Trump, whose campaign from the outset has been built on backing from blue-collar Republicans, won a solid victory among the non-evangelical voters in Iowa who do not hold a college degree. Those are the voters who most fit the definition of working-class “Reagan Democrats” and in Iowa the blustery businessman won fully 37 percent of them, far outdistancing Cruz (at 21 percent) and Rubio (at 18 percent), according to figures from the entrance poll provided by the CNN polling unit. These blue-collar non-evangelical voters are especially prevalent across the big Midwest battlegrounds, like Ohio, Michigan, Missouri, and Wisconsin.

New Hampshire will offer the next test of Trump’s connection with these blue-collar, non-evangelical, voters. The early indication is his hold remains strong: The NBC/WSJ/Marist poll showed him carrying 35 percent of those voters, about the same as his actual showing in Iowa, and more than Cruz and Rubio combined.

Because there are so few evangelicals in New Hampshire, the results here won’t say much about another critical question facing Trump: whether he can restore his beachhead in the evangelical community. Before Iowa, Trump consistently trailed Cruz in polls among evangelicals who hold a college degree—and the Texan, in fact, comfortably carried those voters in the caucus. But polls in January, not only in Iowa but also South Carolina and nationally, often showed Trump leading Cruz among evangelicals without a college degree. That’s where Trump appeared to lose critical ground in Iowa’s final days: After lacerating Trump’s “New York values” Cruz carried those blue-collar evangelicals by a solid double-digit margin, the entrance poll found.

Trump can remain a formidable candidate without the blue-collar evangelicals who apparently moved away from him in Iowa’s final stages. But if Trump can’t reestablish his advantage among those voters—the key to his pressing Cruz in the South—he won’t be nearly as towering as he was before.

Rubio’s position in the race’s top tier isn’t as solid as Cruz’ or Trump’s. But with almost no attention, Rubio in Iowa identified a potential foundation for his candidacy: He carried the non-evangelical voters there who hold a four-year college degree or more. (The Florida senator took 32 percent of them, compared to 24 percent for Trump and 16 percent for Cruz.) Those white-collar voters, who usually focus more on economic than social issues, loom as a critical Republican constituency in affluent big cosmopolitan states (from California and New York to Florida and Illinois). In both 2008 and 2012, they were also the single-largest block of voters in New Hampshire. Cruz has shown only modest appeal for those voters. Trump has run better with them than Cruz, but the New Yorker’s standing in polls with these voters is almost always weaker than his support among blue-collar Republicans.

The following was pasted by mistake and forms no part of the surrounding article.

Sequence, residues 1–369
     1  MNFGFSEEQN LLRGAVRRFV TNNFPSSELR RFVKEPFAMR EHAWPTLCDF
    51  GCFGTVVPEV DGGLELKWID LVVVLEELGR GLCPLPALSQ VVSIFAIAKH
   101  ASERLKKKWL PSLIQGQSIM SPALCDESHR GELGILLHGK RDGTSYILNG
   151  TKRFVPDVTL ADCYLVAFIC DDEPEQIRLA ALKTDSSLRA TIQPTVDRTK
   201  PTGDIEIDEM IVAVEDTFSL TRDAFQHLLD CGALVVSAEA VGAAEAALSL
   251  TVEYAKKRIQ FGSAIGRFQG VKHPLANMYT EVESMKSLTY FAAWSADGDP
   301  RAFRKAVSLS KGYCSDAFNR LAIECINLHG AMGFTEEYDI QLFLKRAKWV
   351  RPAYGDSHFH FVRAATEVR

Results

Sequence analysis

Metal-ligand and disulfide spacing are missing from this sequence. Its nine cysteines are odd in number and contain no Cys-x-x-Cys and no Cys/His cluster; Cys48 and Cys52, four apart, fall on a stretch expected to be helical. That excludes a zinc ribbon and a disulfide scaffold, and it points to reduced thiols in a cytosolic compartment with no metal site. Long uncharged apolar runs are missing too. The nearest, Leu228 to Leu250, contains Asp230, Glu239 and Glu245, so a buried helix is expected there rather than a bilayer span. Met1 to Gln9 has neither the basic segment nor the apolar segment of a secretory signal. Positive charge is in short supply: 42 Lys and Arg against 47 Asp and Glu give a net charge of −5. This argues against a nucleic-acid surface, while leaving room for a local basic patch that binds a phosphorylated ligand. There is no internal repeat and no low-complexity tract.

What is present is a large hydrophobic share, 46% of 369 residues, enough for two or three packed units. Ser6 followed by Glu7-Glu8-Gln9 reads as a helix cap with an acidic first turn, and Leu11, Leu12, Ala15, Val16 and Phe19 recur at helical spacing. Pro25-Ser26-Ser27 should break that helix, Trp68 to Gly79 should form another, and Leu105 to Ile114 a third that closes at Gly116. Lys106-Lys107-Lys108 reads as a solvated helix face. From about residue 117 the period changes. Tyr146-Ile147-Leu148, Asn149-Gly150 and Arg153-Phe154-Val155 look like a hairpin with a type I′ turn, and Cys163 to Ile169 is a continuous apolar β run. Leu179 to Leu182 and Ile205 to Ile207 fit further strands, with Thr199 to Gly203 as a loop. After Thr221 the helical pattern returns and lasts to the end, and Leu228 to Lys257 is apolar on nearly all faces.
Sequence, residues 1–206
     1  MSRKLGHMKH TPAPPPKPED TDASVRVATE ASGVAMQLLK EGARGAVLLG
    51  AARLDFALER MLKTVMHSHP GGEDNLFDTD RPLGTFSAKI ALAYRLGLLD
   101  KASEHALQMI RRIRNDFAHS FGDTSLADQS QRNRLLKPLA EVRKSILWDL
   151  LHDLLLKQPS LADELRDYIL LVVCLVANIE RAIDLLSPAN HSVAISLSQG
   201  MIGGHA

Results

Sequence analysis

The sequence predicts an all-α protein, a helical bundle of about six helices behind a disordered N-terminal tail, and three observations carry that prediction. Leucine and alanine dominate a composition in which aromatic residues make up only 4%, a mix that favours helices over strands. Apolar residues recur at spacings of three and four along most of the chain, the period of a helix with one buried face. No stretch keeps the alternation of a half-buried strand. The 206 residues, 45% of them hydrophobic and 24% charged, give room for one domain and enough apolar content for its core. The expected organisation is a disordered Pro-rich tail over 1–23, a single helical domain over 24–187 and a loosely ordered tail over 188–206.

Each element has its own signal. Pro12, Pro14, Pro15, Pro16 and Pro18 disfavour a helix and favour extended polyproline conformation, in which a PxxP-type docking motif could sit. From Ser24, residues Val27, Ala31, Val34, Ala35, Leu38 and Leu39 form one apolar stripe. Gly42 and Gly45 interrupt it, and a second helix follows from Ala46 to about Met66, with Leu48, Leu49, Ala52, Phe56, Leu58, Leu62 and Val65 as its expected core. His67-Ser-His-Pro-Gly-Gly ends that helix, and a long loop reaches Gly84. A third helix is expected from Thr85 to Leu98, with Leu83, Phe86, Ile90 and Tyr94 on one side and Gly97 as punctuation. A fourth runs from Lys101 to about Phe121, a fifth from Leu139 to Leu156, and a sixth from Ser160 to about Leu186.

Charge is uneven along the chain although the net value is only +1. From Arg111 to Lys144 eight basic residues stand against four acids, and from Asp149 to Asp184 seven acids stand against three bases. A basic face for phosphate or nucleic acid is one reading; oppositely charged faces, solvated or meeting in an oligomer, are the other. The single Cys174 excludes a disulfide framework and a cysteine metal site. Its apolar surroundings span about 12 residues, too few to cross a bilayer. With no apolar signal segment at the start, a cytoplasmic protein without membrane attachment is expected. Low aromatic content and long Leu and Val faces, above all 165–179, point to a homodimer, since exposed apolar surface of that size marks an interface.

The defining gamble of Rubio’s bid is that these mainstream conservative voters will ultimately consolidate around him, even though he has planted himself conspicuously to their right.

For both ideological and strategic reasons, Rubio has consistently struck more aggressively conservative and partisan notes than the herd of current and former governors—Bush, Christie and Kasich—running as relatively pragmatic problem-solvers able to reach across party lines. Rubio’s team is betting that those candidates will steadily fade after New Hampshire, and that that the voters drawn to them will view him as the only viable alternative to Cruz and Trump—even as he devotes most of his energy toward courting the disaffected and ideological voters who comprise the core of support for Cruz and Trump.

The risk to Rubio is that his repeated tilts to the right on issues from immigration to abortion will prevent him from attracting enough of those center-right voters to drive the other candidates from the race after New Hampshire. In the NBC/WSJ/Marist New Hampshire poll, he drew 20 percent of college-educated voters who were not evangelicals. That put Rubio ahead of Kasich (at 16 percent), Bush (at 9 percent), and Christie (at 6 percent). But that also placed the Florida senator vastly behind the roughly 43 percent of those white-collar professional-type voters that Mitt Romney and John McCain carried during their 2012 and 2008 New Hampshire victories, according to exit polls.

Rubio’s odds of winning the nomination will increase significantly if the New Hampshire result allows him to clear the field of competition for these center-right voters. The cascade of endorsements Rubio has received since Iowa was clearly designed to hasten that process.

But Saturday night’s debate meltdown diminished Rubio’s hopes of quickly achieving that consolidation. Not only did Christie bloody Rubio in their early exchanges over whether the Florida senator was overly scripted, but Bush and especially Kasich also turned in some of their strongest performances of the debate season. Rubio’s stumbles, and the persuasive performances by his rivals, both increase the odds that New Hampshire’s mainstream conservative voters in New Hampshire will remain divided on Tuesday.

If Bush, Kasich, or Christie, much less more than one of them, emerges from New Hampshire strong enough to remain viable in the race, they will continue to fragment the white-collar voters Rubio needs to grow. In particular, Bush appears likely to make a potentially final stand in South Carolina regardless of the New Hampshire result. There Bush, in a last act, could peel away enough white-collar voters to undercut Rubio—much the way Fred Thompson, on his way out of the 2008 race, siphoned off enough evangelicals to prevent Huckabee from beating McCain in South Carolina that year.

New Hampshire will fill in more of this picture. But after Saturday’s tumultuous debate, it may not provide as much clarity as many Republican strategists expected—or hoped. South Carolina, with its precarious balance between evangelical, white-collar, and blue-collar Republicans, might do more to determine who rises to the top of the thinning GOP field. Then again, this historically tumultuous GOP race could roll on into March not significantly more clarified than it is today.

2016 Distilled